Microsoft handhelds: Win some, lose some

How the PDA was won

How the PDA was won

With the latest analyst figures showing that Microsoft has finally managed to overtake PalmSource in the operating systems stakes, is Redmond seeing some green shoots?

Stats recently released by analyst house Gartner show that there are more PDA devices worldwide running Windows CE than rival PalmOS - a landmark the Redmond giant has been tantalisingly close to for some time.

Its efforts to pull off the same trick on smart phones - where it has roughly half the share of market leader Symbian - haven't met with the same success.

So why the divergence? Jean-Philippe Courtois, CEO of Microsoft EMEA, said: "This is a demonstration that Microsoft can be relentless, by that I mean we can be super-committed," adding that Redmond surpassed Palm in Europe 12 to 18 months ago.

Courtois said the move to tackle the smart phone market "was something we embarked on a few years ago", and is being buoyed by the vendors. "You see the... quality of telephone stock is up."

"When you look at penetration [of smart phones], it's quite small," he said. "In the future, you will see evolution of software stack - there will be deep integration of media players."

Courtois also foresees a spreading of the technology seen in smart phones to more average phones.

His predictions are popular in the mobile world. According to analyst house ARC Group, smart phone sales made up 3 per cent of the total mobile phone market but by 2009, 16 per cent of all handsets sold will be smart phones - totalling some 125 million smart phones.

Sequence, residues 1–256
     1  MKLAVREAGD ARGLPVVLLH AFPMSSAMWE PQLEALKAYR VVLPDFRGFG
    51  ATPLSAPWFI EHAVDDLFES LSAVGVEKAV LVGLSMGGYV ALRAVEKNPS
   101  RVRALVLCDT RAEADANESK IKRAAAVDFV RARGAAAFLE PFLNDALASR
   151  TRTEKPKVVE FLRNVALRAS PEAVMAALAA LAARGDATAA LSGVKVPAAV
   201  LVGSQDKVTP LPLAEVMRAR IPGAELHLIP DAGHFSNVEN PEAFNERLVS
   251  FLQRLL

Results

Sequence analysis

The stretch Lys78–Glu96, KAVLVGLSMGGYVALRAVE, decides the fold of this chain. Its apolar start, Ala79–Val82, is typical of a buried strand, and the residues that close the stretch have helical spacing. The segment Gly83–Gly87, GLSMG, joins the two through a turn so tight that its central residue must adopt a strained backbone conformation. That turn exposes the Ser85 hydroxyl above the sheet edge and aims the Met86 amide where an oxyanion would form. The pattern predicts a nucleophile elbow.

Speaking at the recent Symbian Expo, Kevin Gillan, director of group business development for Carphone Warehouse, also expressed the belief that adding music functionality would give smart phones a broader audience.

They would have "greater appeal to youth market. There's a mass market opportunity out there around multimedia... and MP3," he said.

Nevertheless, with Redmond-flavoured XDAs often tapped up for business use rather than snapped up by early adopters for personal use, Microsoft has yet to capitalise on the enthusiasm that some of its products cause.

"It's always the case [with technology]", Courtois said. "As an individual, you take your own responsibility, you vote with a cheque" - a luxury CIOs don't have, he added.